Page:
- We do not know the direction of each trade from the SDR
- We do not know the identities of the counterparties to the trades from the SDR
This gives us the following tenor profile of trades:
- A Gross Notional of $258.4bn (which is all basis trades done in July 2016)
- A Net Notional of $14.27bn across all currency pairs
- The net notional across maturities is $15.4bn. This applies full netting between maturities within a currency pair, but no netting across a currency pair.
- But of course we can only net across exactly matching dates for a given currency pair.
- Therefore, the notional to which IM is applied is actually $141.07bn.
- So the limited netting opportunities result in a halving of gross notional (glass half full interpretation) or a 9.2-times increase compared to full maturity netting (glass half empty interpretation).
- An IM requirement of $2.78bn.
- This compares to an IM requirement of just $0.247bn if it was possible to net across maturities.
The Dealer to Dealer Market
As we did last week, let us now acknowledge that there are around 15 active dealers in Cross Currency swaps. We need to therefore randomly assign the SDR trades to each of one of the 15 dealers. The IM results for each dealer are hence significantly higher – because we cannot net risks across counterparties, only between counterparties. What effect does this have on IM? See the table below:
As I said last week, this effect is not necessarily intuitive. But by splitting the same amount of risk between a dealer network, there is less netting of risks possible.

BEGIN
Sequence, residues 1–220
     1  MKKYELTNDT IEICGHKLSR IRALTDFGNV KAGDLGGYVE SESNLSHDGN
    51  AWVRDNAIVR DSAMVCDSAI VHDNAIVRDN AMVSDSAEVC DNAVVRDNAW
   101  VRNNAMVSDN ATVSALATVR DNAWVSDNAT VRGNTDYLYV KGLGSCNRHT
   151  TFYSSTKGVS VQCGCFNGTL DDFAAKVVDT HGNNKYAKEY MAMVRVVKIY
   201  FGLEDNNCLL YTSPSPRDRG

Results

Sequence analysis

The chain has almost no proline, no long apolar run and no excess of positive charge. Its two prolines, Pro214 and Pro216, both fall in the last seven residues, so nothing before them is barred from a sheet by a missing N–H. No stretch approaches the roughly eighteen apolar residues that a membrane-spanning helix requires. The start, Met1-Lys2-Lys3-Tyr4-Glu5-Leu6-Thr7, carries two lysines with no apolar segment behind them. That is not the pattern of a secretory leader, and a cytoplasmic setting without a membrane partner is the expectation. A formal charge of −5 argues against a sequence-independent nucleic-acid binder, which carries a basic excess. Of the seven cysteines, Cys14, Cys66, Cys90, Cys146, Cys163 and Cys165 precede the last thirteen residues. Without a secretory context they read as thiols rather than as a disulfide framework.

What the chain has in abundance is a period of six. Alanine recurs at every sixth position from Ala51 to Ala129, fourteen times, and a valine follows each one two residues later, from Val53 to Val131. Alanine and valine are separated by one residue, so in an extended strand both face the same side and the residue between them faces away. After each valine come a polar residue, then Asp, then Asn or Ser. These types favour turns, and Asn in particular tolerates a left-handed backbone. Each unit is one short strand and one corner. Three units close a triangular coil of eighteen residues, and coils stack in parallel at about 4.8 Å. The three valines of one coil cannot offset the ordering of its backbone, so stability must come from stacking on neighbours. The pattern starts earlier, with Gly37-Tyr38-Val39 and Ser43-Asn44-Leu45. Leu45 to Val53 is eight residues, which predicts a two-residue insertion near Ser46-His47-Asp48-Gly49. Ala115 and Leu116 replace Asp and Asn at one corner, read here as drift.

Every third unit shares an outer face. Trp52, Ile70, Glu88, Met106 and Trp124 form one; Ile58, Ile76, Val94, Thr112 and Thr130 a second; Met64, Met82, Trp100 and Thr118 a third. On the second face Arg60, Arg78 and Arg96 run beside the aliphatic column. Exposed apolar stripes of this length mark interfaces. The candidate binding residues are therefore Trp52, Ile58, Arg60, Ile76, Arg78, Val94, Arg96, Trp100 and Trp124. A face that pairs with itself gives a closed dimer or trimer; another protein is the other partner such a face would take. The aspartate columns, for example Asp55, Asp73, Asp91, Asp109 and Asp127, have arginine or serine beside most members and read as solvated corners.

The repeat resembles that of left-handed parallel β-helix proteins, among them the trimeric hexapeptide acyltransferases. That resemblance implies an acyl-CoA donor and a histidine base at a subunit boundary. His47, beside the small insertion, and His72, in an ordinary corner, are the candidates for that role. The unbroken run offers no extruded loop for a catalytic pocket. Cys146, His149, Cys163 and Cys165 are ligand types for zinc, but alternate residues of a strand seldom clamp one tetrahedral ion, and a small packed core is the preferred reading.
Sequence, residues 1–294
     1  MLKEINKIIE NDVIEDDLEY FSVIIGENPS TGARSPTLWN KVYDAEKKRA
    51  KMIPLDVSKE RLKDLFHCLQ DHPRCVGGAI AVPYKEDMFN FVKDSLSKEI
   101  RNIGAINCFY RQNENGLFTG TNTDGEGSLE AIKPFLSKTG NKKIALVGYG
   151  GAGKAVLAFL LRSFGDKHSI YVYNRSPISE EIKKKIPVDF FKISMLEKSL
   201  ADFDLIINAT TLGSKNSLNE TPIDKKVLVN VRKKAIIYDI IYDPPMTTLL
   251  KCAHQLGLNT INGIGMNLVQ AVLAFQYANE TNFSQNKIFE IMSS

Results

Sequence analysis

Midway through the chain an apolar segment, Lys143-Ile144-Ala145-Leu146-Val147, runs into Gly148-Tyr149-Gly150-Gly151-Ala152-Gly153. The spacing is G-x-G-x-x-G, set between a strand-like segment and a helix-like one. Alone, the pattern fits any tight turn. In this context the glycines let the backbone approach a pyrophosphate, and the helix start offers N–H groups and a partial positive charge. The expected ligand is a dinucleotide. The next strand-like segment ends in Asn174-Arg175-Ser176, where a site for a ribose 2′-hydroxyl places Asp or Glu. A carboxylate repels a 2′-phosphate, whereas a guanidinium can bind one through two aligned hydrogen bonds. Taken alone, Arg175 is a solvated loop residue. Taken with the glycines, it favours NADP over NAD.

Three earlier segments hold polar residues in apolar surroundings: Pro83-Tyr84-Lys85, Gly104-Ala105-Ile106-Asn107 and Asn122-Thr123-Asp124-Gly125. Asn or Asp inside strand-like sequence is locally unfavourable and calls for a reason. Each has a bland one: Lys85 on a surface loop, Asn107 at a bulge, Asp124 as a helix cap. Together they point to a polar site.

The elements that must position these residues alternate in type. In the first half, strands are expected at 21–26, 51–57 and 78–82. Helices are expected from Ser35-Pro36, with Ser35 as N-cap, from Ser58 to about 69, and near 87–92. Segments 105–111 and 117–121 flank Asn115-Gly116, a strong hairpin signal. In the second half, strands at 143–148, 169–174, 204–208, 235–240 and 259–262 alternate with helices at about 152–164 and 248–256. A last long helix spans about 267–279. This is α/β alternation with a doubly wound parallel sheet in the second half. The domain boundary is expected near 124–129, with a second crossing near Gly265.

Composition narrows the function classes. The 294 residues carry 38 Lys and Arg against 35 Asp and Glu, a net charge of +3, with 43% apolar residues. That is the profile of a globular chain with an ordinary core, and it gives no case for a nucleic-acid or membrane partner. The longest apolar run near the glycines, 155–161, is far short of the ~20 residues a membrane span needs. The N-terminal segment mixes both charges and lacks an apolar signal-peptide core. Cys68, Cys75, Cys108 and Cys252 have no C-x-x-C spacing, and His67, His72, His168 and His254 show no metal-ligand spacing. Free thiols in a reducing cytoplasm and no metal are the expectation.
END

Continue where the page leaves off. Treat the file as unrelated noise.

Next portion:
Last week, we saw a 7-8 times increase in IM as a result of this reduced netting – because risks between counterparties cannot be netted, only risks within counterparties.
This week, we see an increase in IM from $2.78bn to $4.49bn.
This is less than a doubling of IM.
This is due to the fact that less netting within counterparties is possible than for an internal model such as HistVar that we looked at last week.
The Final Step
Following last week’s methodology again, we need to now look at a single Dealer’s portfolio. The IM figure of $4.49bn above is only an intermediate step. This assumes that each dealer only trades with one other counterparty – not really a fair assumption to make, irrespective of how concentrated cross currency basis liquidity may be.
Therefore, let’s assume that Dealer1 trades with another 14 dealers. Remember that netting is only possible for trades between the same counterparties. Introducing more counterparties in a portfolio, for a given amount of risk, therefore reduces the amount of netting possible. What is the effect on Dealer1’s IM from this reduction in netting?
This is much lower than we saw from our results last week.
I therefore continued the analysis for all 15 dealers to see if there is a large sampling bias in these “grossing up” concepts.
Finally – a limit to netting
The final results are shown below.
The table highlights that there is not much netting going on per dealer. This is somewhat down to the small number of trades each dealer has – between 100 and 120. When split across 6 currency pairs and 15 dealers, we can appreciate that there will not be too many offsetting trades.
Remember that our interpretation of the standardised IM schedule demands a matching maturity date.
- Cross Currency Swaps in major currencies are not currently offered for clearing and will be impacted by the upcoming UMRs.
- If the Standardised IM Schedule were used, it suggests an industry IM requirement of $4.5-5 Billion.
- The actual IM number will likely be much lower due to the adoption of ISDA SIMM (and internal models?) that allow for netting of similar risks across maturities.
- The limited amount of netting allowed within the Standardised IM schedule will limit the uptake of this approach.
- This analysis again highlights the importance of netting. This time it is across similar risks, not just counterparties.